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Antidepressant Medicines for the Treatment of Seasonal Affective Disorder (SAD)

Antidepressant medicines effectively treat episodes of depression in people with seasonal affective disorder (SAD). They can be used alone or along with light therapy. Antidepressants used to treat people with seasonal affective disorder include:

Selective serotonin reuptake inhibitors (SSRIs)

  • Citalopram (Celexa)
  • Fluoxetine (such as Prozac)
  • Sertraline (Zoloft)

Other antidepressants

  • Bupropion (Wellbutrin, Wellbutrin XL, or Zyban)
  • Desipramine (Norpramin)
  • Venlafaxine (Effexor)

SSRIs usually are the first type of medicine given to treat SAD. SSRIs often have less serious side effects that are more easily tolerated. You may start to feel better within 1 to 3 weeks of taking an SSRI. But it can take as many as 6 to 8 weeks to see more improvement. If you have questions or concerns about your medicines, or if you do not notice any improvement by 3 weeks, talk to your doctor. All antidepressant medicines are started at low doses and increased gradually. When stopped, they should be decreased gradually to avoid side effects. General side effects of antidepressant medicines can include:

  • Nausea, loss of appetite, or diarrhea.
  • Anxiety or nervousness.
  • Difficulty sleeping or drowsiness.
  • Loss of sexual desire or ability.
  • Headaches.

Bupropion can cause dry mouth. Bupropion should not be taken if you have seizures, severe problems with eating, or an eating disorder, because it can cause seizures.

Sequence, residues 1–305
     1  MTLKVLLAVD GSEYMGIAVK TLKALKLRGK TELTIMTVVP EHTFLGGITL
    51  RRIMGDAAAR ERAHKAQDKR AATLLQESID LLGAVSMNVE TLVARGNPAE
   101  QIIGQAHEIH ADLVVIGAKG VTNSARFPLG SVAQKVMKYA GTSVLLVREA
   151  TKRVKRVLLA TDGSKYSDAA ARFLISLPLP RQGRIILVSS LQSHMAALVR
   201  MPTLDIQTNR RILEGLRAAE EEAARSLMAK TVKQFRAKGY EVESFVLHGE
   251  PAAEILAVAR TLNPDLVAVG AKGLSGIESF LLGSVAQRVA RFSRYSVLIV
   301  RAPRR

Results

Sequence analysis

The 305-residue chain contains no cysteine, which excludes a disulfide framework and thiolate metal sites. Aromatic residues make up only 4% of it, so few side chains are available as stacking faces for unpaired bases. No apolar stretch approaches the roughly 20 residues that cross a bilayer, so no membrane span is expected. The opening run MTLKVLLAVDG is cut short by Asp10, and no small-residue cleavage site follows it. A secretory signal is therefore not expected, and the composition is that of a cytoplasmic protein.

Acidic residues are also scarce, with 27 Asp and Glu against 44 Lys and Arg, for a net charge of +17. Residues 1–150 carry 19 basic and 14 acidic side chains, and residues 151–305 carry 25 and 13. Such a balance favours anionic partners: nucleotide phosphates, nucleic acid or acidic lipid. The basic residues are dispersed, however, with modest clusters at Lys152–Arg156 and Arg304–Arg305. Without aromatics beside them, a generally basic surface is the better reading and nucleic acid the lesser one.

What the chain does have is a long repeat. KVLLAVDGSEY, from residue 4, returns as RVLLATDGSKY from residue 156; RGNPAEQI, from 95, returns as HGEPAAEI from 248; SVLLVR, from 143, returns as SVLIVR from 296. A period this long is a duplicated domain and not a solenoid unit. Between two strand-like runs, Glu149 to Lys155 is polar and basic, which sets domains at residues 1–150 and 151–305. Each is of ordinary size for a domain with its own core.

Women who take an SSRI during pregnancy have a slightly higher chance of having a baby with birth defects. But not treating depression can also cause problems during pregnancy and birth. If you are pregnant, you and your doctor must weigh the risks of taking an SSRI against the risks of not treating depression.

For more information, see the topic Depression or see Drug Reference. (Drug Reference is not available in all systems.)

FDA Advisory. The U.S. Food and Drug Administration (FDA) has issued an advisory on antidepressant medicines and the risk of suicide. The FDA does not recommend that people stop using these medicines. Instead, a person taking antidepressants should be watched for warning signs of suicide. This is especially important at the beginning of treatment or when the doses are changed.

By Healthwise Staff
Primary Medical Reviewer Kathleen Romito, MD - Family Medicine
Specialist Medical Reviewer Alfred Lewy, MD, PhD - Psychiatry
Last Revised July 7, 2010

WebMD Medical Reference from Healthwise

Last Updated: July 07, 2010
This information is not intended to replace the advice of a doctor. Healthwise disclaims any liability for the decisions you make based on this information.

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